During the time of Jesus’ earthly life, He offered up prayers and supplications, with loud shouts and tears, to the One who was able to save Him from death. He was heard because of His reverent submission (or devotion).
Although He was a son, He learned obedience through what He suffered.
When He had been made complete and perfect, He became the source of eternal salvation for all who obey Him, since He has been designated by God as a high priest according to the order of Melchizedek.
As our source of eternal salvation and also our prime example of how to live this earthly life, Jesus shows us that it is in complete abandonment of our will to the Father’s will that brings about the full and joyful life and reward.
It doesn’t seem as popular to say these days, but our motivation for our pursuit of God must come, at least in part, simply from divine decree and authority (hey, that rhymes!). Jesus has authority over our lives. Everything that was made was made through Him. I’d say that gives Him a say in how we live our lives. Our only real choice then is to submit. To just surrender to Him. And what is so good about that is that we are surrendering to love. For God is love. God is not wrath or judgement, though those may come from Him. But He is love. Surrendering to Him is surrendering to love. (See Surrender to Love by David G. Benner–excellent!)
And the more submitted we are, the more alive we are, for Father knows best.
Jesus is and must be our ultimate inspiration and source of strength from the standpoint that He met every temptation and rode it out to its fullest extent possible because He never gave in. Therefore, He knows just how far every temptation can go and how difficult it is to not give in and what it feels like. We don’t know because we give in so often and, hence, don’t know what it would have felt like to ride it out even further and experience the anguish of it. Nor do we know the reward. Though it’s not like we’re batting .000. Sometimes we do make it through, and I’m sure you do feel the reward of that victory. But if someone’s gonna run a marathon, they best not come to me for advice and training because I can’t tell them what hitting that wall at mile 22 even feels like. Or at mile 20. Or mile 17, or 12…I’m gonna send them to my buddy Todd (Leavell not Fisher!) because he’s run a few of these things. He’s endured to the end and can therefore be a great help to those wanting to run 26.2 miles because he knows what every one of those miles feels like.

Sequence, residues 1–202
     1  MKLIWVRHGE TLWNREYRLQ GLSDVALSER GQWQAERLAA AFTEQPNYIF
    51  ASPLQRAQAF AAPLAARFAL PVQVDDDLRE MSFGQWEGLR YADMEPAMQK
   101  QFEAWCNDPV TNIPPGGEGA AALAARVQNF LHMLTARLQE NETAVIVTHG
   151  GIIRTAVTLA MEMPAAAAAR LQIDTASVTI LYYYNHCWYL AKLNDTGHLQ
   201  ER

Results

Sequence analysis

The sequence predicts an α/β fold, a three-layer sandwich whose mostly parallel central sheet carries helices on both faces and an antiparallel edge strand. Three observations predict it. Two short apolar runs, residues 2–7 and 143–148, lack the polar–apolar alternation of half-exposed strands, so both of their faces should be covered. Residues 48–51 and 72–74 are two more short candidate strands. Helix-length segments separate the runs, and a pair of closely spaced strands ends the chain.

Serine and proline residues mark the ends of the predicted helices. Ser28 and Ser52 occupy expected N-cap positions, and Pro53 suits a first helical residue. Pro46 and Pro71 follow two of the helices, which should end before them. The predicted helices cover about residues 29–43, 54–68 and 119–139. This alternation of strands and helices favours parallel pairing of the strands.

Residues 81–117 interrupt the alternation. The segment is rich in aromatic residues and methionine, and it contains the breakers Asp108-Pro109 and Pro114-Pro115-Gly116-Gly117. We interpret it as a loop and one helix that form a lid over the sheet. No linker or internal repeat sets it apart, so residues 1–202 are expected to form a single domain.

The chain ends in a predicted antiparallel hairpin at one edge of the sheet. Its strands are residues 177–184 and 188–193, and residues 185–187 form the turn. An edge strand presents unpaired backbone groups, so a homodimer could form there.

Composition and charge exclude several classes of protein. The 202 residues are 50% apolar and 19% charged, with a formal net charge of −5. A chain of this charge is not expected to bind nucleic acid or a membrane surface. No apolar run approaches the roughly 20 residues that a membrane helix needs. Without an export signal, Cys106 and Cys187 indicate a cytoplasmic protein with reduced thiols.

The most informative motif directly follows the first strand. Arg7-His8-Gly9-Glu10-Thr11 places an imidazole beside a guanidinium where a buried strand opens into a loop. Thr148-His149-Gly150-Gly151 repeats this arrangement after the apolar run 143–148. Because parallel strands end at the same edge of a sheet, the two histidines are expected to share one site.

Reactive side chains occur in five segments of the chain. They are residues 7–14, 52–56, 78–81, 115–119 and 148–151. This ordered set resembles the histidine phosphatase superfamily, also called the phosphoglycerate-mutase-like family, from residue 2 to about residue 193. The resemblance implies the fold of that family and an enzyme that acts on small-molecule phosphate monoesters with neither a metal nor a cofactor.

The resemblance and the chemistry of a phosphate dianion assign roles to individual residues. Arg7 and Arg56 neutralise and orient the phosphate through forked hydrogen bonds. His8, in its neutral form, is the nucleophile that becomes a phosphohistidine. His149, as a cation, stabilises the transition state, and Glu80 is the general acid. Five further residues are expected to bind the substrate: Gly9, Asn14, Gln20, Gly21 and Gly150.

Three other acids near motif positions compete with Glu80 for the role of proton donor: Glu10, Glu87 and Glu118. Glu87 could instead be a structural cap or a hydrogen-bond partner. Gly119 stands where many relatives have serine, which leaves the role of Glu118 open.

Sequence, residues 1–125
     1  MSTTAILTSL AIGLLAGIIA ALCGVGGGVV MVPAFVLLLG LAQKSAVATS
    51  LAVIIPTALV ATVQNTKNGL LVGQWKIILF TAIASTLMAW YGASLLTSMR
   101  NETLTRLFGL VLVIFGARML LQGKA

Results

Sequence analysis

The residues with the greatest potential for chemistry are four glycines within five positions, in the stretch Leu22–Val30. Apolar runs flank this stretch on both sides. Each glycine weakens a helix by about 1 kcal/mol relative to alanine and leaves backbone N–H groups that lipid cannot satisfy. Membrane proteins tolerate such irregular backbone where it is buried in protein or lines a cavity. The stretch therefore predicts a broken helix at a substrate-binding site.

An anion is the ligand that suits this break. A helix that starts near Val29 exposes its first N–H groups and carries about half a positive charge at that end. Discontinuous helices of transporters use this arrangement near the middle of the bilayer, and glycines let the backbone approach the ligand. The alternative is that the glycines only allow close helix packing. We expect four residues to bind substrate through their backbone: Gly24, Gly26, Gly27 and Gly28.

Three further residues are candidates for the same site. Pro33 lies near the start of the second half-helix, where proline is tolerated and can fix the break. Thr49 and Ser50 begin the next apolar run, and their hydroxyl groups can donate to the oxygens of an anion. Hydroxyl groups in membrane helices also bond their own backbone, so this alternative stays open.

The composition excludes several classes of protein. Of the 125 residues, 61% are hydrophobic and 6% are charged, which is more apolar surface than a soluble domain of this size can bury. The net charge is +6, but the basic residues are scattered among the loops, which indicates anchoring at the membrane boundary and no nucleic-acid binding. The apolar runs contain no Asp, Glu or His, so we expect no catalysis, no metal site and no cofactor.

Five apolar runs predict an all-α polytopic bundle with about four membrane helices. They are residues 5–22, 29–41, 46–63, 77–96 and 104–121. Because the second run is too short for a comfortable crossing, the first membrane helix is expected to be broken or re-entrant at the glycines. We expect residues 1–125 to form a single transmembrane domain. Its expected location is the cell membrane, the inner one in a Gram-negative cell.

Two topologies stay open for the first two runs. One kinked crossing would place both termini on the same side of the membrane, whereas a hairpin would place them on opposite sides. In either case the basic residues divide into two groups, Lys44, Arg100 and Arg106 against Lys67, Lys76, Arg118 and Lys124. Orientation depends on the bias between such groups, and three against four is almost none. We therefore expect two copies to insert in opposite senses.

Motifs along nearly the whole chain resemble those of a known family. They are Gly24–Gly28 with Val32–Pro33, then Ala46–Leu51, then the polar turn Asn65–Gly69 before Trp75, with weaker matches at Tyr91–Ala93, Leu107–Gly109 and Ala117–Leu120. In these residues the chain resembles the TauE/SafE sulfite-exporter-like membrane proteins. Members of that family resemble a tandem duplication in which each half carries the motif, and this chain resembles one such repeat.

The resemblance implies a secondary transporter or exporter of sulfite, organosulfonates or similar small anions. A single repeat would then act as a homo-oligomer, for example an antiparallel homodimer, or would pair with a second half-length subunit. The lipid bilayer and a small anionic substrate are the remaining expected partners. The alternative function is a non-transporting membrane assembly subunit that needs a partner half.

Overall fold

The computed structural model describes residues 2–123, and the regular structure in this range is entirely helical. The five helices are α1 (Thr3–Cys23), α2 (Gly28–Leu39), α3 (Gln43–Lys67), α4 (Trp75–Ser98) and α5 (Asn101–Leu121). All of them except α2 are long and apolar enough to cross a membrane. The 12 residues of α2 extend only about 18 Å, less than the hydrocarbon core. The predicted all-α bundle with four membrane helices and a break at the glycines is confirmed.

In this passage we have an expansion on the anguish Jesus experienced in Gethsemene. He was most likely not sitting proper at a nice boulder, hands folded, gazing peacefully up at the beautiful light in the sky. He was shouting and crying and fighting. It was a true wrestling with what was being asked of Him and not wanting to go through it. (Sometimes it bothers me how many times I read that Jesus was so disturbed at the separation from His Father that was looming, that He wasn’t even that upset about the physical suffering to come. Bull Manure! I’d be so freaked out about the worst kind of death devised by wicked men imaginable at that point! No submission here, I’m telling you. I think He was fighting the physical stuff in addition to the spiritual. He was human and this was gonna suck big time!)
But Jesus submitted His will to the Father’s perfect will. He was submitted to God’s authority, not His own.
Sometimes what’s asked of us is difficult, painful even. But the reward, transformation, metamorphosis in store is beyond what we can probably see or possibly even comprehend right now. Just check out Brother Lawrence, Jean Pierre de Caussade, and Frank Laubach to see what can happen with total submission.
Today you might practice the habit of asking God what He would have you do in every situation before and during. Small prayers like, “Not my will but Yours, Father” or “What would You have me to do/say?” are great little prayers to voice ceaselessly throughout your (His) day.
God is infinitely good and He knows what He’s doing.
In the Name of Jesus,
Soli Deo Gloria